Used-car prices are going up, and gas prices remain high.
Over the 2011 and 2012 model years, more than a dozen new small cars will, or have been, released. They range from the traditional — like the Ford Fiesta and Hyundai Accent — to the quirky Fiat 500.
We decided to add another factor into this comparison that we haven't included in the others: the cost of gas. For each model, we also included a year's worth of gas to the total cost of the car — 15,000 miles' worth of traveling in a mix of city and highway at $3.96 per gallon.
Each model must come equipped with power windows, locks and mirrors; remote keyless entry; air conditioning; an automatic transmission; and electronic stability control. The lack of electronic stability control on the 2011 Chevrolet Aveo and Kia Rio disqualified each model from the comparison.
Adding the cost of gas causes an interesting twist for some models, as cheaper but less fuel-efficient cars get beaten by traditionally more expensive and fuel-efficient ones. Ultimately, the most affordable budget car will be fuel efficient and will offer an array of features for a good price.
For this comparison, we looked at the 2012 Hyundai Accent, 2011 Mazda2, 2011 Ford Fiesta and 2011 Honda Fit while including a cost comparison on the rest of the field.
2011 Honda Fit
The Honda Fit is often regarded as the original premium budget vehicle and the benchmark for which all other new entries are often judged. The model's base trim comes well-equipped, getting all the interior amenities we required for this comparison. For the 2011 model year, Honda made electronic stability control standard on all models.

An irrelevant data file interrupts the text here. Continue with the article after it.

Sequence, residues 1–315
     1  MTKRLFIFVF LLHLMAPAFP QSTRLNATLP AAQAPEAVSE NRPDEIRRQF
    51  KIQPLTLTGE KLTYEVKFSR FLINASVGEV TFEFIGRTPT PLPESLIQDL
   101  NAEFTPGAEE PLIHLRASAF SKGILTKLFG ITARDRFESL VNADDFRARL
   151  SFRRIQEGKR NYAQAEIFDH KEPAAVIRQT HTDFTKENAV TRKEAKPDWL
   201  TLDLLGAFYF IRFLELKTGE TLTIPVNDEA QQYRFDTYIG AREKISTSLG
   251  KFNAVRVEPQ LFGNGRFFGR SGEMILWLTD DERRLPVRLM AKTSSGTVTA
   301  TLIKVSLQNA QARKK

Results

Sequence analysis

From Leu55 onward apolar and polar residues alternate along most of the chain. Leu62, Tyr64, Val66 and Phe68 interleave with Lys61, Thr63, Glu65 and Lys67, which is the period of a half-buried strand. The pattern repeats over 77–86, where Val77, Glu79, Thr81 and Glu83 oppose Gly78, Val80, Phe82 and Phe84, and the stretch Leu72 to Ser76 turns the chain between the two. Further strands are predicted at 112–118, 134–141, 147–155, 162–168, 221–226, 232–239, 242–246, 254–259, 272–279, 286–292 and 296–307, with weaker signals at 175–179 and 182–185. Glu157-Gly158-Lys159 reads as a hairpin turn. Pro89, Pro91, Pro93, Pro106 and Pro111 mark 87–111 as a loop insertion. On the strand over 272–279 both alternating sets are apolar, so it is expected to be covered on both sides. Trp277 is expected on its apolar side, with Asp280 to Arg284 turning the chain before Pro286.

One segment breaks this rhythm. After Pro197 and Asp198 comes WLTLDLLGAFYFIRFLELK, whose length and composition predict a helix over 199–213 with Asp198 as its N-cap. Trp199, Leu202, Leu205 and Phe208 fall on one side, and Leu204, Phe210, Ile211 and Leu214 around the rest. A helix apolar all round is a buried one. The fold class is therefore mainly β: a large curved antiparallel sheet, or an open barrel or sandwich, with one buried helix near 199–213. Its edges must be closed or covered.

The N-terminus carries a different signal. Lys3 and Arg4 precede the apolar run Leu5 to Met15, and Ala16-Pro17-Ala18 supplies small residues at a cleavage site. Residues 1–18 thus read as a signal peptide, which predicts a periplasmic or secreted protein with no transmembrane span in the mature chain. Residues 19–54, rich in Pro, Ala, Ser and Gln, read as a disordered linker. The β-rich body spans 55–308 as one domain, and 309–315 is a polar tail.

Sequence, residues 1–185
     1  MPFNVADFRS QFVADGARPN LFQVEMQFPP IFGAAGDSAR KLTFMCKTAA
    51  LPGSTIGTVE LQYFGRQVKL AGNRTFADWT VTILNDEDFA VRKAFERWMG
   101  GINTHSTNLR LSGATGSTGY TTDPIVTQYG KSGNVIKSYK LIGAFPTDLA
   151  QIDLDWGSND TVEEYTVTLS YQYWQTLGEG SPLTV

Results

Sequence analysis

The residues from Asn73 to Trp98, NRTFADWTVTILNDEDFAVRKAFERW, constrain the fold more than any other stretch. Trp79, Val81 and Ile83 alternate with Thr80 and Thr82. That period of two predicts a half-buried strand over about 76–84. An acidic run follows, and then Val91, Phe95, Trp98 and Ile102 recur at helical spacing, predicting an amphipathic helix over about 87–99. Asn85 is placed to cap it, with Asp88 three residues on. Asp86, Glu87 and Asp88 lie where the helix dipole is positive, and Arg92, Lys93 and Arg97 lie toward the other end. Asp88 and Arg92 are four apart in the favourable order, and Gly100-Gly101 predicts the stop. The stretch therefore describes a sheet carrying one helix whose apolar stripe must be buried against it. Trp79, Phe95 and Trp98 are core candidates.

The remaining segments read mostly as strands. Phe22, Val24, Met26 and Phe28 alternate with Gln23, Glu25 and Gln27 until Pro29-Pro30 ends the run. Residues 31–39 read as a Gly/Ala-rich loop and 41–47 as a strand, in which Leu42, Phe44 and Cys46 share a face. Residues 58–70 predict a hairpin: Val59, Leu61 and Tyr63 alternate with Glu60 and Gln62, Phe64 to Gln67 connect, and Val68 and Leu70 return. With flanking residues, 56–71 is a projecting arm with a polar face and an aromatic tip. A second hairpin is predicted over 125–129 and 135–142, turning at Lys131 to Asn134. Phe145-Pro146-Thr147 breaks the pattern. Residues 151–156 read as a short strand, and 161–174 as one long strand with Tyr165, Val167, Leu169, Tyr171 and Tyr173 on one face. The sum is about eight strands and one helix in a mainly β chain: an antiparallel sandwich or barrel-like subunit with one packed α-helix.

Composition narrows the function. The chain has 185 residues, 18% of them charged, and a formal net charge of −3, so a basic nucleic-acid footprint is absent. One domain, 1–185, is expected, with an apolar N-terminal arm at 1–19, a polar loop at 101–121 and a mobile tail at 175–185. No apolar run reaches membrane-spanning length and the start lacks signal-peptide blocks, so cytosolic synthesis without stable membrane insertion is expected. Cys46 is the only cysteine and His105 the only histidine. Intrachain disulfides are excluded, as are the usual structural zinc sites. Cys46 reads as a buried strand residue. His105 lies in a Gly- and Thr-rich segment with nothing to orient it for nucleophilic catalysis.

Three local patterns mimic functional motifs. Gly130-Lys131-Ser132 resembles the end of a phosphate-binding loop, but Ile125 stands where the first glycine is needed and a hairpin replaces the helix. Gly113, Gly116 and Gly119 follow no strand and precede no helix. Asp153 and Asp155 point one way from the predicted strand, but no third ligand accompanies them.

The base Fit also gets cruise control, remote entry and a USB interface standard, too, for the model year. The Honda's five-speed automatic transmission costs only $800, and it increases the vehicle's gas mileage to 28/35 mpg on the evaluated base trim. (Gas costs $1,919 for a year).
Total cost for a Fit is $18,569, which is more expensive than any other vehicle in this comparison, but only by $400.
Despite the slight price premium compared with the other models, the Fit comes better equipped than the Mazda2, Fiesta or even the new Accent. In a twist, the Fit is cheaper than models like the Toyota Yaris, Nissan Versa and Kia Soul – those vehicles are often priced below the Honda, but poor fuel economy and/or feature availability contributes to this about-face.
Notable Features You'll Get: iPod/USB controls, 10 cupholders, active head restraints, drive-by-wire throttle system, cruise control, tilt/telescoping steering wheel
2011 Ford Fiesta sedan
The Fiesta is Ford's first foray into the subcompact realm since the Aspire quietly died in 1997. Unlike the Aspire econobox, Ford has given Americans a product equivalent to the same entry car sold in Europe. The Fiesta feels substantial and has engaging handling, and it offers high-end features, such as automatic climate controls and push-button start.
Despite the niceties, the Fiesta has a relatively cheap starting price — it costs less than the Fit and Mazda2. The S trim comes with power mirrors with integrated blind spot mirrors and a 4-inch LCD screen. Unfortunately, you can't get power windows on the base trim, so you'd need to opt for the SE, which also gets you remote keyless entry and some exterior updates.